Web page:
Last month the National Bureau of Economic Research released a working paper that explored some of the more puzzling disconnects between the harsh realities of U.S. tax progressivity and how the public views fair taxation.
Matthew Weinzierl of the Harvard Business School argues that modern tax research is the result of utilitarian assumptions. This means that our tax structure is progressive because, as constituents, we believe that morality is a function of reducing suffering for the greatest number of people. Support for utilitarian policies has been mislabeled as purely redistributive and polarized along political lines over the last 40 years. What we don’t realize is that it’s not just taking from the rich and giving to the poor, but the ethical weight we assign to variables such as filial, altruistic, and financial obligations. Tax incidence, or where the burden ultimately falls, is an important part of understanding how our system actually works. So while we commonly say income is a measure of proper tax incidence, what we really mean to say is our actual earnings minus obligations and charitable contributions. Although the left is often blamed for increasing taxes on the rich, for whom the anticipated marginal loss of utility from an increased tax burden is much lower, Weinzierl’s findings suggest that this isn’t entirely true.
His sample found that [see figure]:
- 58 percent of Americans prefer tax structures which favor an “equal sacrifice” over current “utilitarian” policies.
- Only 19 percent
of the sampled population believes that the poor should be exempt from their share of the aggregate economic burden.
This means that while we support policies that are fundamentally redistributive, most people have reservations about such a system. Of course the NBER fails to explicitly mention that survey respondents were mostly middle-class, college educated, employed, left-leaning persons. The share of taxes paid by the poor is where things get really interesting. For the highest-income earners, who shoulder much of the burden for total tax revenue generation, the current system closely matches respondent expectations. Weinzierl finds that people who are most sympathetic to providing tax breaks for unique circumstances are also most in favor of redistributive policies. However, most people would actually reduce the marginal tax increases of higher earners in order to prevent them from behaving like lower-income earners. Remember that the rich make a disproportionately large amount of money through capital investment. Higher tax rates provide a disincentive for earners to realize funds, meaning that they pay taxes on only a fraction of their real wealth because they choose not to maximize potential annual income. Based on these social objective weights, respondents made some fairly startling decisions. Their preferred system of taxation would Keep current rates the same for the top 1 percent of earners Decrease taxes for the top 40 percent of earners by an average of 7 percent.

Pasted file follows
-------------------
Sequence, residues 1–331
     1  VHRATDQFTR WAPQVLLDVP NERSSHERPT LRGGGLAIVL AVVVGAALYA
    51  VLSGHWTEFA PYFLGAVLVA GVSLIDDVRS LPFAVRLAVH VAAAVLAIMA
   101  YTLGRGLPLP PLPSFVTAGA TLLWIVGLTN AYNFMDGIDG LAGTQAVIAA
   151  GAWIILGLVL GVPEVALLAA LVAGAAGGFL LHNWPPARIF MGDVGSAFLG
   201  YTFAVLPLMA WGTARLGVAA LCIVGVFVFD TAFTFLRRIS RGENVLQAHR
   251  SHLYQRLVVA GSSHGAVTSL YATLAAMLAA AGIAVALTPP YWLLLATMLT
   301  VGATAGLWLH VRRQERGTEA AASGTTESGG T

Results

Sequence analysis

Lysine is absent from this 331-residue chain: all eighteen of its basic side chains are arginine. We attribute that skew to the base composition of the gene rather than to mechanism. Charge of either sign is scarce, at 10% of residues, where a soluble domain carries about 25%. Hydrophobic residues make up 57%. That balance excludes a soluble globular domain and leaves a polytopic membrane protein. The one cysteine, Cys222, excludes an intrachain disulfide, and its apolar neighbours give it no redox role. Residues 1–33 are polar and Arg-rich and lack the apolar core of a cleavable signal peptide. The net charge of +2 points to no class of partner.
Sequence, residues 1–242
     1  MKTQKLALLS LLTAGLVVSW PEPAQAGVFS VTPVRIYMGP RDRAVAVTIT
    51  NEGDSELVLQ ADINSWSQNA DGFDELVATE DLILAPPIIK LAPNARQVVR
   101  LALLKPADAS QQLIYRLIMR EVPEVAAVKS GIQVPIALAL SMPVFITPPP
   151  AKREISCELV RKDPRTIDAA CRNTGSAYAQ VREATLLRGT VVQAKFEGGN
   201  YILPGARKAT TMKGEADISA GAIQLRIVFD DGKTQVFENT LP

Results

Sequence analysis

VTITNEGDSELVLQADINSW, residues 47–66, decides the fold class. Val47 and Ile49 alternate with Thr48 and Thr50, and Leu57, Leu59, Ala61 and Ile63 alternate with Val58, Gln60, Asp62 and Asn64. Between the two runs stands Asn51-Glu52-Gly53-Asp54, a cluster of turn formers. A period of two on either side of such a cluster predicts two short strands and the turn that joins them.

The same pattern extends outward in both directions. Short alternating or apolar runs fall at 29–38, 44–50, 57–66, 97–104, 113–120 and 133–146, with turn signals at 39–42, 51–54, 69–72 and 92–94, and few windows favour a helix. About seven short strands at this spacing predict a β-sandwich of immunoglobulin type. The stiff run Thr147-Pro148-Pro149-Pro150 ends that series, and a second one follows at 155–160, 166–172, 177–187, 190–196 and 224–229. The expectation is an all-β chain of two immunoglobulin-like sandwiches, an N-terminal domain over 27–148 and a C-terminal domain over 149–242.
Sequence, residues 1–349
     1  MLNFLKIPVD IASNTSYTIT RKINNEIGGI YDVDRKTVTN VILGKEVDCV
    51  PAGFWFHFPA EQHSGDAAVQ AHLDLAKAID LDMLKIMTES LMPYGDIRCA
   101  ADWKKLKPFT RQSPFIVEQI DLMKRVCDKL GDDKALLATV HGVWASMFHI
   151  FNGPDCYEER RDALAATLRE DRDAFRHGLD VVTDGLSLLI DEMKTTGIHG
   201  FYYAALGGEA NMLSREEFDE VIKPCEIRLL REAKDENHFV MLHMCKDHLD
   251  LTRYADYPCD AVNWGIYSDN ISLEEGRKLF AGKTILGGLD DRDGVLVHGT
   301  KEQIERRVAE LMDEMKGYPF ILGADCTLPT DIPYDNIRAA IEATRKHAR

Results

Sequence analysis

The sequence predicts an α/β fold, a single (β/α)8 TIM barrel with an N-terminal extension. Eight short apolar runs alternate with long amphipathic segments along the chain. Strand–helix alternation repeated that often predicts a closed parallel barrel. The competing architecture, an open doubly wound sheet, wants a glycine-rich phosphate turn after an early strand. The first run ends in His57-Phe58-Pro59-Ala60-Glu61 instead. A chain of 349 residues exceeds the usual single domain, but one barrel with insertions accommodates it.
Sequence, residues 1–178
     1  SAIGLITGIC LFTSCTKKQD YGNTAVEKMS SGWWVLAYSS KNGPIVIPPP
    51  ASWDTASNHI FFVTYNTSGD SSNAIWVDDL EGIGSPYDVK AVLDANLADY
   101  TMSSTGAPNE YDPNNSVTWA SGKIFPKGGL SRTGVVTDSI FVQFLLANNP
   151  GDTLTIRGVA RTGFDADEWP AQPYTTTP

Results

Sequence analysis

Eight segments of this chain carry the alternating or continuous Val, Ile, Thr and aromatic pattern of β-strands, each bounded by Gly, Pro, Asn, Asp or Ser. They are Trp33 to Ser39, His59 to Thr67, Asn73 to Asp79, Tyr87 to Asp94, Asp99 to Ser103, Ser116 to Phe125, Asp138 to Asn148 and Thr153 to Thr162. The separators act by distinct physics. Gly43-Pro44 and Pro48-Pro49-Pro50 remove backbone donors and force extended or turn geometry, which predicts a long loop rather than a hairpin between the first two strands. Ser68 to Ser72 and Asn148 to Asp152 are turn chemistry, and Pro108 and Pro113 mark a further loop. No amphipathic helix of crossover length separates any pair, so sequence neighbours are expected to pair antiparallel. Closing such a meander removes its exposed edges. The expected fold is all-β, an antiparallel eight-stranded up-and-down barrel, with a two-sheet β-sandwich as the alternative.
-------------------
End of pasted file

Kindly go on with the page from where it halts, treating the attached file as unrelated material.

Moreover, they would increase taxes on:
- The 3rd quintile by 6 percent.
- The 2nd quintile 33 percent.
- The lowest quintile by 38 percent.
An important distinction here is not that we should redistribute wealth based on income, but rather that we should progressively raise taxes on earners who would experience smaller marginal utility loss. So while we all listen with bated breath as President Obama talks about the responsibility folks making more than $400,000 a year have to support the less fortunate, as a society, our ideas about how tax policies ought to work are very different. NBER definitions of utilitarianism were based on John Harsanyi’s work during the middle of the 20th century. Harsanyi said that whenever we make decisions based on utilitarian ethics (the foundation for our system of taxation) it is important to realize the difference between people’s personal and moral preferences. The point is that while taxpayers may want to “save the world,” they’re not willing to foot the bill.